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J Clin Psychiatry. 2016 Jul;77(7):e883-91. doi: 10.4088/JCP.15m10151.

Acute Swedish Massage Monotherapy Successfully Remediates Symptoms of Generalized Anxiety Disorder: A Proof-of-Concept, Randomized Controlled Study.

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Department of Psychiatry and Behavioral Sciences, Emory University School of Medicine, 2nd Fl, 12 Executive Park Dr NE, Atlanta, GA 30329.
Department of Psychiatry and Behavioral Sciences, Emory University School of Medicine, Atlanta, Georgia, USA.
Atlanta School of Massage, Atlanta, Georgia, USA.



Generalized anxiety disorder (GAD) is a prevalent and costly disorder for which many patients may prefer nontraditional treatment. A proof-of-concept study of was conducted to evaluate the acute effects of Swedish massage therapy (SMT) as a monotherapy for the treatment of subjects with GAD.


A randomized, single-masked, clinical trial was conducted between March 2012 and May 2013 at the Mood and Anxiety Disorders Program of Emory University. Forty-seven currently untreated subjects with a DSM-IV diagnosis of GAD were randomly assigned to twice-weekly SMT versus a light touch control condition for 6 weeks. The primary outcome measure was reduction in Hamilton Anxiety Rating Scale (HARS) scores after 6 weeks of treatment for SMT versus light touch, as determined by mixed model repeated-measures analysis of 40 evaluable subjects.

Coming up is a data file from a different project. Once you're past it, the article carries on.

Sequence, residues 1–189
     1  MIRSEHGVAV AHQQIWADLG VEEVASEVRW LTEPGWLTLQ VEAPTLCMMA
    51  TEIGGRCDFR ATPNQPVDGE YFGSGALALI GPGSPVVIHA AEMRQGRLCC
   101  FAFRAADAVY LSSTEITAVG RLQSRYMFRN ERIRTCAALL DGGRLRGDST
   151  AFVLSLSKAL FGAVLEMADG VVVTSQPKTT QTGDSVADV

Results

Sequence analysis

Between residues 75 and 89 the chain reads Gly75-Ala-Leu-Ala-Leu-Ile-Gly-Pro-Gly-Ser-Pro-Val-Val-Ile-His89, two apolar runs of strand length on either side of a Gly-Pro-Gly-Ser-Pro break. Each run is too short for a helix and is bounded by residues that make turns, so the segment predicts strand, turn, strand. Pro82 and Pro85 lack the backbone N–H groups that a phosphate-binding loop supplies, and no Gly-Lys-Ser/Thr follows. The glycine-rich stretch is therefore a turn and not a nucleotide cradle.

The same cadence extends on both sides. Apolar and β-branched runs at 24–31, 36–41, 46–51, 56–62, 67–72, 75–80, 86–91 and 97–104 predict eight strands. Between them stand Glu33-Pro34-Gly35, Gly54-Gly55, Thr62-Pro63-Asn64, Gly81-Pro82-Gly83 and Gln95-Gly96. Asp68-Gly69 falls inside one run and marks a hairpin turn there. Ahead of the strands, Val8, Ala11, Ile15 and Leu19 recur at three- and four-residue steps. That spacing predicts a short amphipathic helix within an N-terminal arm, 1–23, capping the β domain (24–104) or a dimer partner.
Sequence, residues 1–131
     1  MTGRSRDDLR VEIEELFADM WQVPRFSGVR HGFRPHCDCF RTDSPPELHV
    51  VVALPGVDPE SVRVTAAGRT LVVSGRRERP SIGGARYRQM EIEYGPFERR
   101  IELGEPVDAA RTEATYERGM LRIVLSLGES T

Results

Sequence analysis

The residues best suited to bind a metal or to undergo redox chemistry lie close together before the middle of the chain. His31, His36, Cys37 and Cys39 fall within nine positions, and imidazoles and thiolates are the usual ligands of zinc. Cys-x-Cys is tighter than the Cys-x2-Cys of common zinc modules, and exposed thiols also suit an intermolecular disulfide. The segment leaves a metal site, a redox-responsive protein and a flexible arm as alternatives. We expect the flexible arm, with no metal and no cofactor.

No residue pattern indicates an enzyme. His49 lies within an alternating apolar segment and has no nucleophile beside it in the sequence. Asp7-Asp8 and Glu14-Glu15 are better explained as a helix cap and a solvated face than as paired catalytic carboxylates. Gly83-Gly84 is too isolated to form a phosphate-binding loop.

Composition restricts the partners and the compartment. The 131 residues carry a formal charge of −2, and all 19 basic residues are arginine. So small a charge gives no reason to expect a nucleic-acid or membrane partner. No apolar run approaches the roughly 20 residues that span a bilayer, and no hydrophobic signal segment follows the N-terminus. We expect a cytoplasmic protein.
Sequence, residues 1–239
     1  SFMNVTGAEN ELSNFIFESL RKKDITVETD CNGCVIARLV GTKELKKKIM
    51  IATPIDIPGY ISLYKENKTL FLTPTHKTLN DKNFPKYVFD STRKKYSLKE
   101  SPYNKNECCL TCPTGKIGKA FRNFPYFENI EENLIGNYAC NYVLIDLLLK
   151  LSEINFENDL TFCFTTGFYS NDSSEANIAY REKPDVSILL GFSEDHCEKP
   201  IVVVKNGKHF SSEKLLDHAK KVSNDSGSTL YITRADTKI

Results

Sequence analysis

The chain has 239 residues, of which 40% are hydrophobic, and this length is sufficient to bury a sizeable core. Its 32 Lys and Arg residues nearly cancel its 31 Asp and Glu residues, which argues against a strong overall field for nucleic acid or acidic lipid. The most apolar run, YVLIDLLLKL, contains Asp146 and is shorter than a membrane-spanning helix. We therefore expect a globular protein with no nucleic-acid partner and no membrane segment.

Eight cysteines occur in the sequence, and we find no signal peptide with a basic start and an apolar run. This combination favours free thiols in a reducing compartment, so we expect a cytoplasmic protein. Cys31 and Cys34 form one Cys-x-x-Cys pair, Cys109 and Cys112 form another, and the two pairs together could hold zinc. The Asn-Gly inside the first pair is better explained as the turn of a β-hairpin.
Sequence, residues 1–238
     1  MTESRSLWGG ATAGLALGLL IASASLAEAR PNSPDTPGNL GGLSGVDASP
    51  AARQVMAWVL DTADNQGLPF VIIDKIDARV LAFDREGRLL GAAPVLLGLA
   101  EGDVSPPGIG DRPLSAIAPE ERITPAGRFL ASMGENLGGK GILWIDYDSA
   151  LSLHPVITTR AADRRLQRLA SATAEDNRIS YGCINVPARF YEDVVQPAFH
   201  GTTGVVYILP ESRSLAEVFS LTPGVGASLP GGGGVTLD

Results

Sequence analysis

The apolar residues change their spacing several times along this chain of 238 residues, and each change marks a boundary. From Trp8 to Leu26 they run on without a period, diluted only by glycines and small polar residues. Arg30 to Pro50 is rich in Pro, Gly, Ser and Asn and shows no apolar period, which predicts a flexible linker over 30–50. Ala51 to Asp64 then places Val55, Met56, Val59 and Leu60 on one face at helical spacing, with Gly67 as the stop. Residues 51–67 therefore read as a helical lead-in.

Mean HARS baseline scores were 20.05 (SD = 3.34) for SMT and 19.58 (SD = 4.90) for light touch. At week 6, the difference in mean (standard error of the mean [SEM]) HARS score reduction was 3.26 points (SMT: -11.67 [1.09]; light touch: -8.41 [1.01]; t₁₀₆ = -2.19; P = .030; effect size = -0.69). Treatment group differences were significant (P < .05) starting at the end of week 3.


This first monotherapy trial suggests that a complementary and alternative manual therapy, SMT, is an effective acute treatment for GAD.

TRIAL REGISTRATION: identifier: NCT01337713.

[Indexed for MEDLINE]

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